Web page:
It is true that in many ways, modern obstetrics has saved countless lives of both mothers and babies. But you have to have some perspective on the reasons why many women died -  reasons that were primarily iatrogenic in nature - death brought about by the very people who were supposed to save them.

Links:
Childbirth in Early America - Digital History
British maternal mortality in the 19th and 20th centuries - National Center for Biotechnology Information
The Attempt to Understand Puerperal Fever in the Eighteenth and Early Nineteenth Centuries: The Influence of Inflammation Theory: National Center for Biotechnology Information

Saturday, May 17, 2014

Birth History: A Dysfunctional Culture




May is Pregnancy Awareness Month, and while I've covered some of these topics before, I've been planning to put them together in more of a series for quite some time now. There is so much to learn while pregnant, and it can get quite overwhelming when you're faced with decisions that range from the mundane to the life-changing. So much of how our medical community views pregnancy, however, is still deeply rooted in old traditions and practices, some of which were, and continue to be, groundbreaking in the field of obstetrics. Some, on the other hand, not so much.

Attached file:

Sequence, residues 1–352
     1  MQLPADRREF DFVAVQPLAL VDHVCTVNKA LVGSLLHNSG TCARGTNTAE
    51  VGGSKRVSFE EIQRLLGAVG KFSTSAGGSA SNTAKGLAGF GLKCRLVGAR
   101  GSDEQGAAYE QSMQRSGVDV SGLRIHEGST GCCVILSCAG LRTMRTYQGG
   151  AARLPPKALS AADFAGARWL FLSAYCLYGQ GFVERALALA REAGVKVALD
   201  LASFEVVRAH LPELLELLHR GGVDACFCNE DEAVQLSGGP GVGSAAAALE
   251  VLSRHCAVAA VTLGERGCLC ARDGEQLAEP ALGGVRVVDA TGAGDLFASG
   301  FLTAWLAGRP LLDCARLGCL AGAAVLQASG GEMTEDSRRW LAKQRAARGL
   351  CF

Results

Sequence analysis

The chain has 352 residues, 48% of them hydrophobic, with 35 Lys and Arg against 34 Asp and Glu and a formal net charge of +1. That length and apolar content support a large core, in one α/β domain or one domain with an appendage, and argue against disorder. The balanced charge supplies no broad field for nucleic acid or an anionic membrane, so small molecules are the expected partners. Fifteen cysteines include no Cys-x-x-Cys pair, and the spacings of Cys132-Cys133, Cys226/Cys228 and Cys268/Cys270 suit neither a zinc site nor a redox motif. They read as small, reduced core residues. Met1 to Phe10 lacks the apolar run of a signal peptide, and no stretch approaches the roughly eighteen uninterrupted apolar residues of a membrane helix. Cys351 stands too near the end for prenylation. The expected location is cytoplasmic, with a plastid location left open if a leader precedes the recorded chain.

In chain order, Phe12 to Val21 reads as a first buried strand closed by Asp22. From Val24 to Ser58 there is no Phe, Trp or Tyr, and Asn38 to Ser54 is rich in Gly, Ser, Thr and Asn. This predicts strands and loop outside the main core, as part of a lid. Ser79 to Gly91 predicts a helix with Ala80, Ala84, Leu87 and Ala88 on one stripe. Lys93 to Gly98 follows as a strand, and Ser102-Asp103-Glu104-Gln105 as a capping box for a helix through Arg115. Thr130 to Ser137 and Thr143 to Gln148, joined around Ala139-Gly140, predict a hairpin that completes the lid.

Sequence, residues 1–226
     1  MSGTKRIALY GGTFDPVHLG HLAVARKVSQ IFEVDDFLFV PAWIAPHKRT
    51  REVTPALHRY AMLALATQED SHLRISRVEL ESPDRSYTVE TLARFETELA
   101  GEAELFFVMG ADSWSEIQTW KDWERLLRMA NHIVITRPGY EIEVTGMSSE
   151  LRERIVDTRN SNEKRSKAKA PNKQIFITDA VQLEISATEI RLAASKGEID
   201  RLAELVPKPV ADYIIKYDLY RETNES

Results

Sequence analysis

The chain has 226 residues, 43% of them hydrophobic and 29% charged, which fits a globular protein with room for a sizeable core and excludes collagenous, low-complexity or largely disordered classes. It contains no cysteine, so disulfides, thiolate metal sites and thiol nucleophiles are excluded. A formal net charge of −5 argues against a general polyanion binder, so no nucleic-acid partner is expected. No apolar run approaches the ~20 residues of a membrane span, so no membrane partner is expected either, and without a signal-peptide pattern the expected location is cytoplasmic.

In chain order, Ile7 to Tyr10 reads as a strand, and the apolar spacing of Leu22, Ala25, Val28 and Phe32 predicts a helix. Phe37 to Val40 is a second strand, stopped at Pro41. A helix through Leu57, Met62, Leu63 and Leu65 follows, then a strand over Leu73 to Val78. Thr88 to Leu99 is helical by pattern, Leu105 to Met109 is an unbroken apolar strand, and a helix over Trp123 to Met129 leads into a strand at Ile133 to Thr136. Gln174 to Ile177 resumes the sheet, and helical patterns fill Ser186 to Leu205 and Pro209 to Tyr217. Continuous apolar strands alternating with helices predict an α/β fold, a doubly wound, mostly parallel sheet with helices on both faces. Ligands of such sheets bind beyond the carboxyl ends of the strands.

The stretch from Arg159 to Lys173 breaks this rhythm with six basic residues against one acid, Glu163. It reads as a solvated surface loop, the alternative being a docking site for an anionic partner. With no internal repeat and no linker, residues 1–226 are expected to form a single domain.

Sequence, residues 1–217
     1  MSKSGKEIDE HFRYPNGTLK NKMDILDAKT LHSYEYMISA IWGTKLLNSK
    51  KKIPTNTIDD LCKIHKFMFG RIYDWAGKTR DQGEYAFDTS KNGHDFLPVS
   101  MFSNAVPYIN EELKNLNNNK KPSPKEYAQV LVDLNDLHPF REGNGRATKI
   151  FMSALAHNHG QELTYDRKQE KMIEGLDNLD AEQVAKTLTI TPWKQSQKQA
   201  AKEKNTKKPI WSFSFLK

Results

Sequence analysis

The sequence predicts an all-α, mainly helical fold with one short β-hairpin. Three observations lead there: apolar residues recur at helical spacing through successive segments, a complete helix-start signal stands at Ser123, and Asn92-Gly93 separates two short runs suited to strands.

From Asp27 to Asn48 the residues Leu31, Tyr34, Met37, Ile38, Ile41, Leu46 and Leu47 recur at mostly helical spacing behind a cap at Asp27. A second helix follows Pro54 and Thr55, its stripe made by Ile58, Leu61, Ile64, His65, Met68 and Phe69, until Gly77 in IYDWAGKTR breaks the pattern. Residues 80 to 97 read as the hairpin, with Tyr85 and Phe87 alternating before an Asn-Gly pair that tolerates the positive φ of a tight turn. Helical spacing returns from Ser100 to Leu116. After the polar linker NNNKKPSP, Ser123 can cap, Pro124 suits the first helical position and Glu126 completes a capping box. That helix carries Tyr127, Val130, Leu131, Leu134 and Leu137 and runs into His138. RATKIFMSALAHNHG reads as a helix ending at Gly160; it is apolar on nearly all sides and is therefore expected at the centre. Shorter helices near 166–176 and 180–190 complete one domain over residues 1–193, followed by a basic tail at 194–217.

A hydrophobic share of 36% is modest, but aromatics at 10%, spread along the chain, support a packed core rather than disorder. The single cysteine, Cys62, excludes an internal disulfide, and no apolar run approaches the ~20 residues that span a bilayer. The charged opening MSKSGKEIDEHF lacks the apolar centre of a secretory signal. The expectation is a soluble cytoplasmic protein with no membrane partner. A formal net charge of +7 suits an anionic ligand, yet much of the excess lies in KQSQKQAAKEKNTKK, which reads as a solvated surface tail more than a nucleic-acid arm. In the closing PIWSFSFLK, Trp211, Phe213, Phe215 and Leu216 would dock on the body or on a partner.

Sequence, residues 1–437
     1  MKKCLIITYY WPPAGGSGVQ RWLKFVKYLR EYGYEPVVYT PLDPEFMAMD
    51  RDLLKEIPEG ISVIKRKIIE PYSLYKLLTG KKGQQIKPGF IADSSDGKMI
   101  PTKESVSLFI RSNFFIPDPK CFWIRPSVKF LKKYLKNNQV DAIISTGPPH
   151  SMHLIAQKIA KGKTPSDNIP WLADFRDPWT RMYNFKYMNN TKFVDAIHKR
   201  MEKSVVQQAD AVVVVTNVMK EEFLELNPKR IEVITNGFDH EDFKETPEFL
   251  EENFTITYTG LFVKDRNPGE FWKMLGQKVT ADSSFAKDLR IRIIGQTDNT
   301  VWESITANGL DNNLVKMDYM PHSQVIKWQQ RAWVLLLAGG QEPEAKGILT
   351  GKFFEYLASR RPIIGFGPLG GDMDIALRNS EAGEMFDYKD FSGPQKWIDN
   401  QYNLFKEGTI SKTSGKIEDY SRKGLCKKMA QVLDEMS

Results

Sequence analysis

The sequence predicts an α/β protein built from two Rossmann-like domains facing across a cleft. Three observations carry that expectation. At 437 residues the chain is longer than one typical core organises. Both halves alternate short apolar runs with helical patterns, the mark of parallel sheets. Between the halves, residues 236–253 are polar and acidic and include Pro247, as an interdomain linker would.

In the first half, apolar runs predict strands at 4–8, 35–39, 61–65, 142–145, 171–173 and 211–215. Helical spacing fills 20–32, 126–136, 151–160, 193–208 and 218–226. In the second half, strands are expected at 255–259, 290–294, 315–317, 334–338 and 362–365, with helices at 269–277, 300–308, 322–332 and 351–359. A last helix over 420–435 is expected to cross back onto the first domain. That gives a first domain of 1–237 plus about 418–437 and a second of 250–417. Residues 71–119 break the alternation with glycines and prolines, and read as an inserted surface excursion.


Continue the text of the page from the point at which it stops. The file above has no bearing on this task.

I once heard someone say how hard can it be? You go to the hospital and push out a baby. If only it were that easy. And if you go behind the scenes much, it's probably never been that easy, for reasons that are often not clear to us until we experience childbirth ourselves. Even then, without some historical perspective, we may not realize just how dysfunctional maternity care in this country still remains, probably a century later.